[Musical-theatre review] Fangirls — The Playhouse, Wednesday 24 to Sunday 28 March 2021

Fangirls revolves around the sensation that a fictitious band’s lead singer, Harry, has stirred up in one of his millions of 14-year-old fans, Edna. Edna believes that, unlike his 38 million other fans, who adore Harry simply because he is famous, she truly understands that he is lonely, depressed, and trapped in the entertainment world by his managing company. Edna will be his salvation, if only she can find a way to meet him. And, though he doesn’t mean to do so, her online fanfic-writing buddy, Salty, eggs her on in plotting a devious scheme by which to achieve that.

But that means first of all managing to attend his only concert in her home town — presently Canberra! — and nobody is going to help her get there.

The character of 14-year-old Edna is played with remarkable verisimilitude by the relatively experienced Karis Oka, complete with the naïvety of a 14-year-old’s unrealistic understanding of the world but with the daring too of a 14-year-old determined not to let her only chance at true love slip through her fingers. And Edna’s friends Jules (Chika Ikogwe), Lily (Ayesha Madon), and Brianna (Shubshri Kandiah) hilariously match her unrealism as events career utterly beyond control.

What makes Fangirls unexpectedly memorable is more than the many plot surprises, impressive sets, and very fine acting and dancing (choreographed by Leonard Mickelo, assisted by Sharnon Millerchip) that director Paige Rattray has managed to pull together; it’s also, and most delightfully, the quality of its musical numbers. The songs sprinkled throughout the production, sung by three to ten cast members with surprising accuracy (and let down just a little by occasional problems in audio balance — chiefly some stupidly loud drumming), lifted the entire audience every time. By and large, and leaving aside the several numbers that the fictitious band performed, which were relatively forgettable, they’re well-crafted songs, a real tribute to the talent of the playwright and composer, Yve Blake; but what warrants special recognition is the sophistication and sweetness of the vocal harmonies that musical director Alice Chance created.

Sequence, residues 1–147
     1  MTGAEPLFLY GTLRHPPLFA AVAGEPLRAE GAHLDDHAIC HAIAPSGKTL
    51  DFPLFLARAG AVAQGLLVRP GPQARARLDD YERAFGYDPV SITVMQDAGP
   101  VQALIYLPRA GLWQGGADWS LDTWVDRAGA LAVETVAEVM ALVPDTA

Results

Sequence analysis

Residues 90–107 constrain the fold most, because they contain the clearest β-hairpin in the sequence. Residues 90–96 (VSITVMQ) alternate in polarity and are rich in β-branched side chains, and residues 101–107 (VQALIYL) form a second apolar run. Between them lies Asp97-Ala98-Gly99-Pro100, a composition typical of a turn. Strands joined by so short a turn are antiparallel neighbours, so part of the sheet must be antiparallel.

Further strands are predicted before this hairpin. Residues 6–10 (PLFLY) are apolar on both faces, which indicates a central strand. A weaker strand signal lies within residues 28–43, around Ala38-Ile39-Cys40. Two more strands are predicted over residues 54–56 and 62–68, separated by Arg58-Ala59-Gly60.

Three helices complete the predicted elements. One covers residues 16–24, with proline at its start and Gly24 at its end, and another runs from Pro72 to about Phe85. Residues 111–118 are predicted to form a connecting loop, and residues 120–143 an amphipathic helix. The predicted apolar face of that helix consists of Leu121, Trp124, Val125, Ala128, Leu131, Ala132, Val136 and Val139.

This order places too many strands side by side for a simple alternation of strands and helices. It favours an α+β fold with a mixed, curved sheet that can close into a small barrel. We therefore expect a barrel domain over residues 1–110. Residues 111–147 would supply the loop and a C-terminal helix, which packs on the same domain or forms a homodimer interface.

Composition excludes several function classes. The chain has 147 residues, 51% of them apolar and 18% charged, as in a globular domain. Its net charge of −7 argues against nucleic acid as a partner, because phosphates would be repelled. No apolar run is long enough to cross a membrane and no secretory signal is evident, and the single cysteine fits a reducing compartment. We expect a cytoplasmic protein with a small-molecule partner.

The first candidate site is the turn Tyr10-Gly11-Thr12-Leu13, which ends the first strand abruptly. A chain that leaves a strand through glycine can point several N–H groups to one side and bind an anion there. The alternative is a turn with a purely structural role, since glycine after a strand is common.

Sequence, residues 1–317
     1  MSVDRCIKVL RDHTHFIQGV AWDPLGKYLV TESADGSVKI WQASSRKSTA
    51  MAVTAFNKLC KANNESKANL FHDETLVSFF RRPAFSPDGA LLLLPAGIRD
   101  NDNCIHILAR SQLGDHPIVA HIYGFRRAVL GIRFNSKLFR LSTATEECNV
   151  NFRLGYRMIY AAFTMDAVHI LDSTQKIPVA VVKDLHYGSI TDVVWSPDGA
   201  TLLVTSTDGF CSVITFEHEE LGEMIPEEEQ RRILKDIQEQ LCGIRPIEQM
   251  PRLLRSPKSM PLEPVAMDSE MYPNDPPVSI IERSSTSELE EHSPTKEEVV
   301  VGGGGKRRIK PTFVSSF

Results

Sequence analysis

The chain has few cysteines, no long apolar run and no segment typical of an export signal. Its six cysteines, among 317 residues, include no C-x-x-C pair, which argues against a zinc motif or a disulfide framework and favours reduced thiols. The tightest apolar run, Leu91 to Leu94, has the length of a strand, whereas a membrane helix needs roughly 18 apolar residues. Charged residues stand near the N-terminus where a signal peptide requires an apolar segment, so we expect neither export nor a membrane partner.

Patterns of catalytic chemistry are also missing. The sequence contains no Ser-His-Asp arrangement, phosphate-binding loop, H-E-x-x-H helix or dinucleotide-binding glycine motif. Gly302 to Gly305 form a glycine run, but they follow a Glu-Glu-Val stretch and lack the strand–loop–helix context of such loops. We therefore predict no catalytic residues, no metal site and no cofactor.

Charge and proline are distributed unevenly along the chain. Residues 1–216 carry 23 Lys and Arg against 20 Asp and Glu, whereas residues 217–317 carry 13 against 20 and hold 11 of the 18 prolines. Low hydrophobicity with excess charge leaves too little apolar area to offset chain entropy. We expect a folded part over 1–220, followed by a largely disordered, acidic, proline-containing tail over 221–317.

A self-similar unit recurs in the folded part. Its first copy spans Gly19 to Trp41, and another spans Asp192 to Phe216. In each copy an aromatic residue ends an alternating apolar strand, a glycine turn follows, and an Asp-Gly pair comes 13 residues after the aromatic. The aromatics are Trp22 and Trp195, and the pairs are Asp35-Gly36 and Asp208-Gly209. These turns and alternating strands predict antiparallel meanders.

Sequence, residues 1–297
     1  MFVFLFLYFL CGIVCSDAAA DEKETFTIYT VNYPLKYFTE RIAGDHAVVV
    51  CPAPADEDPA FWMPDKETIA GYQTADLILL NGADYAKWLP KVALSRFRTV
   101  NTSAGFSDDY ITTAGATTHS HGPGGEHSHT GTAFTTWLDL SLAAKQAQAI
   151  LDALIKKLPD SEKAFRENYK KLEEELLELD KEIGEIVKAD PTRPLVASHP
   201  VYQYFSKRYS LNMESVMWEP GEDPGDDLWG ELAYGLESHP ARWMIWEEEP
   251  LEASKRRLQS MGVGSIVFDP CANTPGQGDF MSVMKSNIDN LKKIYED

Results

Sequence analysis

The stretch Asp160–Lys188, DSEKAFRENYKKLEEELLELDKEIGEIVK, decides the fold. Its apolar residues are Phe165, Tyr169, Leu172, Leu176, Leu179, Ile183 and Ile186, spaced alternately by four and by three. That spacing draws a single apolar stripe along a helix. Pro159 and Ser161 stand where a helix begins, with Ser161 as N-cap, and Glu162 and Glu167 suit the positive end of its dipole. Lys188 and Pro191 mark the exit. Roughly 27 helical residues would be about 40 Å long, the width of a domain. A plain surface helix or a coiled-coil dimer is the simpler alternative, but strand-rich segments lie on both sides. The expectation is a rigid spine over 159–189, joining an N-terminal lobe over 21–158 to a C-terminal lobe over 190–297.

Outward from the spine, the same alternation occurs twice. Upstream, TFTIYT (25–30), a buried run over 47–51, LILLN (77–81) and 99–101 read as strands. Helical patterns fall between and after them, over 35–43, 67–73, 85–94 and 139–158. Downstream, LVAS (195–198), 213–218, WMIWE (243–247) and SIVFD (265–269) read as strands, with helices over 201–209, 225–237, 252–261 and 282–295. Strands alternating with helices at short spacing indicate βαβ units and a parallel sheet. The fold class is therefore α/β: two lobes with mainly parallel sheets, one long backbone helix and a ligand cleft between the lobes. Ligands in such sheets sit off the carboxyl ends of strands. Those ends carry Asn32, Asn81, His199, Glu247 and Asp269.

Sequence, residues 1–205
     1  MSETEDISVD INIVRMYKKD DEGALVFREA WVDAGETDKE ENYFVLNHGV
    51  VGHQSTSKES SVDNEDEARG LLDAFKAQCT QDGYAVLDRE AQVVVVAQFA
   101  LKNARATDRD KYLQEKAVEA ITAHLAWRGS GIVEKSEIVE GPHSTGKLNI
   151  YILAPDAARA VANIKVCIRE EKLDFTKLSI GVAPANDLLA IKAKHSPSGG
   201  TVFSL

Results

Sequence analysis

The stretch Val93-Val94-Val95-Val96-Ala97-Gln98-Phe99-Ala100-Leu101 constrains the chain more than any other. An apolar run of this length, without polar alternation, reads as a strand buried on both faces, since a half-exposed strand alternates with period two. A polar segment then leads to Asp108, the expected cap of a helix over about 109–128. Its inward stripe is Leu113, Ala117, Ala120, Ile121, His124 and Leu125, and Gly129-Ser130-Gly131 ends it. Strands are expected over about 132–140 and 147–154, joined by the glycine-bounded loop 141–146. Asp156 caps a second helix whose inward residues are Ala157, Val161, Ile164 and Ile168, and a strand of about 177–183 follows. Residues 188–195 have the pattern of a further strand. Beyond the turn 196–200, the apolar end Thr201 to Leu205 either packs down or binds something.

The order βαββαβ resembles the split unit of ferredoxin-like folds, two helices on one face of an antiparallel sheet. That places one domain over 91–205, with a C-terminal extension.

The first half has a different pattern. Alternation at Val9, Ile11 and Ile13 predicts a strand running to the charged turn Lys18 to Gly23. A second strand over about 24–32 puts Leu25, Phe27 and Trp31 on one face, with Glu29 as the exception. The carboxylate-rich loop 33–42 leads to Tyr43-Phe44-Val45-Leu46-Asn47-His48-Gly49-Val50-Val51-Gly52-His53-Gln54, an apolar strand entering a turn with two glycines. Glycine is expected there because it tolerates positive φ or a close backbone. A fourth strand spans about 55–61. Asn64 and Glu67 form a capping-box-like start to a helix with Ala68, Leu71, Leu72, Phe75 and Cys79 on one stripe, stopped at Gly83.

Whatever your age, this production will make your day. If you can, give yourself a treat and get a ticket.

— JOHN P. HARVEY

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